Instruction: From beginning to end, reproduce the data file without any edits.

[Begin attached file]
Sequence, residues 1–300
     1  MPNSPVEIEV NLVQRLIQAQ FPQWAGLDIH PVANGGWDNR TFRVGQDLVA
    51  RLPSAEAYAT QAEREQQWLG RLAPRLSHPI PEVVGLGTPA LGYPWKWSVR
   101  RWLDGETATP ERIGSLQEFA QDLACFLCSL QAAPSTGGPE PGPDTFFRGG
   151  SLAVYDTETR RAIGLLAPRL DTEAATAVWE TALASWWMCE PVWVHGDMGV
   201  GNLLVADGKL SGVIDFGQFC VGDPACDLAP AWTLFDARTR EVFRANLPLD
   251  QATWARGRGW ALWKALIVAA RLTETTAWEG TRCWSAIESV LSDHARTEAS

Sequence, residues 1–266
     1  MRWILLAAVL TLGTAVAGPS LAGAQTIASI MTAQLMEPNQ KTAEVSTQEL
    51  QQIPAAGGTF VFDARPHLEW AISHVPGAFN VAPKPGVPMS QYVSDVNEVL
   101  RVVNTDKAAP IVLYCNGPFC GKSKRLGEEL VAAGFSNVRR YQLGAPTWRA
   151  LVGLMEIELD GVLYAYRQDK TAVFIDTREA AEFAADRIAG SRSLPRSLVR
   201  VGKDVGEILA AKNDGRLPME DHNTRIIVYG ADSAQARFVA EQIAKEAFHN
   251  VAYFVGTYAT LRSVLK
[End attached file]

Sequence, residues 1–300
     1  MPNSPVEIEV NLVQRLIQAQ FPQWAGLDIH PVANGGWDNR TFRVGQDLVA
    51  RLPSAEAYAT QAEREQQWLG RLAPRLSHPI PEVVGLGTPA LGYPWKWSVR
   101  RWLDGETATP ERIGSLQEFA QDLACFLCSL QAAPSTGGPE PGPDTFFRGG
   151  SLAVYDTETR RAIGLLAPRL DTEAATAVWE TALASWWMCE PVWVHGDMGV
   201  GNLLVADGKL SGVIDFGQFC VGDPACDLAP AWTLFDARTR EVFRANLPLD
   251  QATWARGRGW ALWKALIVAA RLTETTAWEG TRCWSAIESV LSDHARTEAS

Sequence, residues 1–266
     1  MRWILLAAVL TLGTAVAGPS LAGAQTIASI MTAQLMEPNQ KTAEVSTQEL
    51  QQIPAAGGTF VFDARPHLEW AISHVPGAFN VAPKPGVPMS QYVSDVNEVL
   101  RVVNTDKAAP IVLYCNGPFC GKSKRLGEEL VAAGFSNVRR YQLGAPTWRA
   151  LVGLMEIELD GVLYAYRQDK TAVFIDTREA AEFAADRIAG SRSLPRSLVR
   201  VGKDVGEILA AKNDGRLPME DHNTRIIVYG ADSAQARFVA EQIAKEAFHN
   251  VAYFVGTYAT LRSVLK